Kindergarten teacher Fatima Hajri, 28, who said she laughed at Stoejberg’s post, told Al Jazeera that her fasting goes unnoticed at work so much that “my colleagues ask if I’m actually fasting because they see me the way I normally am.”
There are about 250,000 Muslims living in Denmark. They mostly fast from dawn until sunset, which can occur at 9:29pm local time in Denmark in June.
Danish Muslims and non-Muslim Danes found that it was best to ignore Stoejberg’s comments, which they believe have little impact on wider Danish society.
Naveed Baig, imam and Muslim Chaplain at the Royal Hospital of Copenhagen said: “People made fun of her and mocked her statements … [while many others] started using a hashtag in Danish that means stay calm. That was not just in the Muslim community, but amongst the wider public too.”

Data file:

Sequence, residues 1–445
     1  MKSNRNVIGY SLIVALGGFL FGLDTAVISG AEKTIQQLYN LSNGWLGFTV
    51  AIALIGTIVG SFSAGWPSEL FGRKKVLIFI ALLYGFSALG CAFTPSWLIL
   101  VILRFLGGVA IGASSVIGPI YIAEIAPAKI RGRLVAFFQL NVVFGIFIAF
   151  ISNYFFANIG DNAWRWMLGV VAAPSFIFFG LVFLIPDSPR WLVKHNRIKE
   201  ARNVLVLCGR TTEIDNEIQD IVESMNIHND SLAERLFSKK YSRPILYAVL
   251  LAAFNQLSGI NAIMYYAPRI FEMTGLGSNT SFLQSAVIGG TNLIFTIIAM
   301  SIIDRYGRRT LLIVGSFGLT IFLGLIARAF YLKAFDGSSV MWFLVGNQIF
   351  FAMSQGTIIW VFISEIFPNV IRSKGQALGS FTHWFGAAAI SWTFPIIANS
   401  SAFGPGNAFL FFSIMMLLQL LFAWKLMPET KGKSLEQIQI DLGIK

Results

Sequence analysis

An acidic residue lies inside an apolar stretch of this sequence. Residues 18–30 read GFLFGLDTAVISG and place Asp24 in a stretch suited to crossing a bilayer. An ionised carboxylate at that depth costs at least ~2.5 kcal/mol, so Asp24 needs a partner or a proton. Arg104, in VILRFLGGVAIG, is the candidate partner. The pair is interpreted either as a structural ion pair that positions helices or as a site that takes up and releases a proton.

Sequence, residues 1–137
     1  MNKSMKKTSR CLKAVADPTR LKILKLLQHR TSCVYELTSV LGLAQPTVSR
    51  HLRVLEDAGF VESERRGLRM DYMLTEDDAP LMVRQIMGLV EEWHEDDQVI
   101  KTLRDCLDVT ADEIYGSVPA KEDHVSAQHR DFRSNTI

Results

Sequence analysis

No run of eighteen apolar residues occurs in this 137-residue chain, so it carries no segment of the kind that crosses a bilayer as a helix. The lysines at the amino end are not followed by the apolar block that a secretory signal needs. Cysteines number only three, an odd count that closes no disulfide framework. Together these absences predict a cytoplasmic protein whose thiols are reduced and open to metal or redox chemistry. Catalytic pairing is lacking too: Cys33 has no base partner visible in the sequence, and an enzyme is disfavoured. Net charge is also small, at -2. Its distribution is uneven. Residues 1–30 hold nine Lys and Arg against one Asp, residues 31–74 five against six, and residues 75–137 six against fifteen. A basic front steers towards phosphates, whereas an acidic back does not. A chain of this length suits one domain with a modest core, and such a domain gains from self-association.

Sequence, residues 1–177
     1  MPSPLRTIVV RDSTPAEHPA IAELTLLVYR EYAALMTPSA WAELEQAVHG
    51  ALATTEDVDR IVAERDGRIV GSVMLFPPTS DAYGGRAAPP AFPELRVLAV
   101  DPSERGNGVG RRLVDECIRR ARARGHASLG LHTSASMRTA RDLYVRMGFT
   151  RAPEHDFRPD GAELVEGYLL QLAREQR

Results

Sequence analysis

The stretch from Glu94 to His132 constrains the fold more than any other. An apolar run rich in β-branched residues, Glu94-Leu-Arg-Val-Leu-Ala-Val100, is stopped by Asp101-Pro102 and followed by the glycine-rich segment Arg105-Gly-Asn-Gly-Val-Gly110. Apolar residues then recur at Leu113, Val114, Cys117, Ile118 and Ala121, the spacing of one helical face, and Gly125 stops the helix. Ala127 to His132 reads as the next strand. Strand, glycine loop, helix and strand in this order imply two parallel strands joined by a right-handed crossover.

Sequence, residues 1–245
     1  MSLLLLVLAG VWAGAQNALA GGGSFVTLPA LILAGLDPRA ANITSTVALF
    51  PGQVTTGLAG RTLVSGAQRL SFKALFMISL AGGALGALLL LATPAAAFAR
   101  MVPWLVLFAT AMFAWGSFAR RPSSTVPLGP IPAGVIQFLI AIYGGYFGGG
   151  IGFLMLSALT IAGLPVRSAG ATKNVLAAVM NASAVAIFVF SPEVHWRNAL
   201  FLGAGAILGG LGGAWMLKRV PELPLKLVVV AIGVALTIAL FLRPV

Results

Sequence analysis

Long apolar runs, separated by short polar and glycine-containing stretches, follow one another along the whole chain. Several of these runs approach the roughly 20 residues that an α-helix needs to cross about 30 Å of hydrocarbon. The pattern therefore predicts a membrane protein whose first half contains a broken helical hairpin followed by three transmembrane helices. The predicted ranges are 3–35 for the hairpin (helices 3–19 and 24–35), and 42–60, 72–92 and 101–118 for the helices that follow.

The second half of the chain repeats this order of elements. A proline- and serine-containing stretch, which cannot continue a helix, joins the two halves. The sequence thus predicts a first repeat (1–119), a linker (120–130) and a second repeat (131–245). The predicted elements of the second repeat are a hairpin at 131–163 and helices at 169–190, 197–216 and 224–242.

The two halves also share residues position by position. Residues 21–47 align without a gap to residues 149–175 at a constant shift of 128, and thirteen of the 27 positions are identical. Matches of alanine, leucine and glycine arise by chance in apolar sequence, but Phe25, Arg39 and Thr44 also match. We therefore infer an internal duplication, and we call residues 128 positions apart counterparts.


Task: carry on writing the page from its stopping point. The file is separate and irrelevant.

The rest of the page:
“The comments were not surprising but rather comical for many Muslims in Denmark. She [Stoejberg] is known for her rhetoric against Muslims and immigrants more generally.
Like Baig, Tarek Ziad, a 25-year-old university student and author of “The Black Beard”, a book on being a Danish Muslim, was not surprised by the comments.
The comments were not surprising but rather comical for many Muslims in Denmark. Stoejberg is known for her rhetoric against Muslims and immigrants more generally.
Naveed Baig, imam and Muslim chaplain
“The Muslim community has grown used to these kinds of comments; it is not the first time this specific minister has come out with such statements.
“Most people, even non-Muslims, just laughed them off.”
Last year, Stoejberg posed for photos with a cake decorated with a Danish flag and the number 50, a reference to the 50 immigration restrictions she had been able to pass into law.
“Today I got the 50th amendment to tighten immigration controls ratified,” she wrote on Facebook. “This needs celebrating!”
Public support for Muslims
According to Baig, the wider public showed strong support for Muslims in Denmark following Stoejberg’s comments.
“People have shown a lot of support for the Danish Muslims. Danes are not stupid and can see through political rhetoric.